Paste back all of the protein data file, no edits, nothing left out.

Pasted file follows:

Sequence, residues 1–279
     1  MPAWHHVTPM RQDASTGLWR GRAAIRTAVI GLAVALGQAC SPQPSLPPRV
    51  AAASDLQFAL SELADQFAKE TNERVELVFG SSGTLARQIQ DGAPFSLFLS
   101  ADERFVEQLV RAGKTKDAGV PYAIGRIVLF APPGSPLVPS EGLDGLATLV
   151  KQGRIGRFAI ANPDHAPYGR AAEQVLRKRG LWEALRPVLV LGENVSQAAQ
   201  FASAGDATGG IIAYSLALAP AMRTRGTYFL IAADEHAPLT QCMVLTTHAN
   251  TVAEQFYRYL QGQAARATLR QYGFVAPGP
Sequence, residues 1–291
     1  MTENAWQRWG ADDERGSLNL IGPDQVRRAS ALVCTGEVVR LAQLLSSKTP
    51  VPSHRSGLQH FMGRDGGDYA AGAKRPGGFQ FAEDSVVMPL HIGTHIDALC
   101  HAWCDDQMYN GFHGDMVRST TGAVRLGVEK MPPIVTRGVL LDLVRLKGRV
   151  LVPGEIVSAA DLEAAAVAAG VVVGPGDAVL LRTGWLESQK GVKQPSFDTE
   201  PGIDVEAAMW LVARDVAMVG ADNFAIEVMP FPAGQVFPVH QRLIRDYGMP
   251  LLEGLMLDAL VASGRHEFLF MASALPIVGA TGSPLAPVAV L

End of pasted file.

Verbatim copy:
Sequence, residues 1–279
     1  MPAWHHVTPM RQDASTGLWR GRAAIRTAVI GLAVALGQAC SPQPSLPPRV
    51  AAASDLQFAL SELADQFAKE TNERVELVFG SSGTLARQIQ DGAPFSLFLS
   101  ADERFVEQLV RAGKTKDAGV PYAIGRIVLF APPGSPLVPS EGLDGLATLV
   151  KQGRIGRFAI ANPDHAPYGR AAEQVLRKRG LWEALRPVLV LGENVSQAAQ
   201  FASAGDATGG IIAYSLALAP AMRTRGTYFL IAADEHAPLT QCMVLTTHAN
   251  TVAEQFYRYL QGQAARATLR QYGFVAPGP
Sequence, residues 1–291
     1  MTENAWQRWG ADDERGSLNL IGPDQVRRAS ALVCTGEVVR LAQLLSSKTP
    51  VPSHRSGLQH FMGRDGGDYA AGAKRPGGFQ FAEDSVVMPL HIGTHIDALC
   101  HAWCDDQMYN GFHGDMVRST TGAVRLGVEK MPPIVTRGVL LDLVRLKGRV
   151  LVPGEIVSAA DLEAAAVAAG VVVGPGDAVL LRTGWLESQK GVKQPSFDTE
   201  PGIDVEAAMW LVARDVAMVG ADNFAIEVMP FPAGQVFPVH QRLIRDYGMP
   251  LLEGLMLDAL VASGRHEFLF MASALPIVGA TGSPLAPVAV L